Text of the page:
Office of the Governor
Governor Whitman Signs Bill to Prevent Drunk Driving
Gov. Christie Whitman today signed legislation that prohibits open or unsealed alcoholic beverage containers in passenger areas of motor vehicles and imposes ignition interlock device and registration restrictions on residents with repeat drunk driving offenses.
"Law enforcement's efforts to protect public safety along our streets and highways will benefit from these new measures," said Gov. Whitman. "Drivers under the influence of alcohol remain a concern to each one of us. We need to be vigilant in our pursuit of reducing their ability to cause harm on our roadways."
This bill also brings state law into compliance with the Federal Transportation Equity Act for the 21st Century, allowing the state Department of Transportation to maximize its federal highway construction funding.
S-1475, was sponsored by Senators John J. Matheussen (R-Camden/Gloucester) and Norman M. Robertson (R-Essex/Passaic) and Assemblymen Alex DeCroce (R-Essex/Morris/Passaic) and Francis L. Bodine (R-Atlantic/Burlington/Camden).
The measure prohibits open or unsealed containers in the passenger area of a motor vehicle. In order to ensure that individuals may legally transport open or unsealed containers when appropriate, the prohibition would not apply to the trunk or area behind the last upright seat of a trunkless vehicle, the living quarters of trailers or motor homes, or to passengers on charter buses or in limousines.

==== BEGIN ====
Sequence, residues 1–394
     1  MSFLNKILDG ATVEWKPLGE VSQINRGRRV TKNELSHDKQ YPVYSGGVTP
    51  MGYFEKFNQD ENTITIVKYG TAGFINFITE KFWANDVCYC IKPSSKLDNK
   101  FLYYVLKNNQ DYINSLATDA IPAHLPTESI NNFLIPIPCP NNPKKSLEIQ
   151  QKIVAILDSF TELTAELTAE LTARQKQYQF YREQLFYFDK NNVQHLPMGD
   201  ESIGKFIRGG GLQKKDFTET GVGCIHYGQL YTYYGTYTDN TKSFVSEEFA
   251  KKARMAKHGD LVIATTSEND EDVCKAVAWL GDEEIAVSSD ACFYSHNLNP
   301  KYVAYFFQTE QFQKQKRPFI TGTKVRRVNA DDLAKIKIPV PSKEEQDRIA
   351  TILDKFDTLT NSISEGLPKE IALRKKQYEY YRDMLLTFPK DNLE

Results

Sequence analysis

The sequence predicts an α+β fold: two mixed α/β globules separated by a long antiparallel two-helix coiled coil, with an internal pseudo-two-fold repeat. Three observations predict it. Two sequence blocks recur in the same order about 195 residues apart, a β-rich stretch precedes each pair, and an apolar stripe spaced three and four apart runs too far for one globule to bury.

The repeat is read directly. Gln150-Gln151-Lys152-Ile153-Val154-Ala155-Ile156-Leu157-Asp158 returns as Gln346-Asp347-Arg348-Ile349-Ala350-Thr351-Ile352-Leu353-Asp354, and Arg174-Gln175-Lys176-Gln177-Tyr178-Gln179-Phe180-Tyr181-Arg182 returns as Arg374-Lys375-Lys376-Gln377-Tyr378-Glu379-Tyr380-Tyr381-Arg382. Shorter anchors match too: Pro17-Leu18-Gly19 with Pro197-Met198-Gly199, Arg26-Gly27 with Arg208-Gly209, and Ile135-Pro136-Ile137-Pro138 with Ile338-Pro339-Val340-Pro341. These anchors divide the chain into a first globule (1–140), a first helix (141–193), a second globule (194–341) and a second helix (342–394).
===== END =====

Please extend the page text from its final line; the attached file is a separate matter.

Current law prohibits consumption of alcoholic beverages in a motor vehicle, but not possession of an open container of alcohol. However, except under certain circumstances, the presence of an open container in a motor vehicle creates the presumption that the occupants have consumed alcoholic beverages while operating a motor vehicle.
The bill provides a fine of $200 for a first offense, and a fine of $250 along with 10 days of community service for all subsequent offenses.
The second important feature of the bill concerns penalties for repeat driving while intoxicated offenders. Under this measure, municipal courts would have the discretion to order the installation of an ignition interlock device or to suspend a repeat offender's registration and license plates, or both. The penalties would apply to all vehicles owned or leased by the offender.
Installation of the interlock device would be a condition of license restoration and would be required for one to three years. It is intended to prevent past offenders from operating their motor vehicle after their license has been restored while under the influence of alcohol. The suspension of the repeat offender's registration and license would be concurrent with the suspension of that offender's driving privileges for the same offense. It is intended to reduce a repeat offender's legal access to a motor vehicle during the time of the suspension. Temporary registrations could be issued to other family members in appropriate circumstances.
The bill does not alter the substance of a recently signed law that already provides the courts with discretion to impose ignition interlock devices for a first or any subsequent offenses. However, the new measure moves up the effective date of that law to comply with federal law by applying the ignition interlock device penalty to offenses committed on or after September 30, 2000.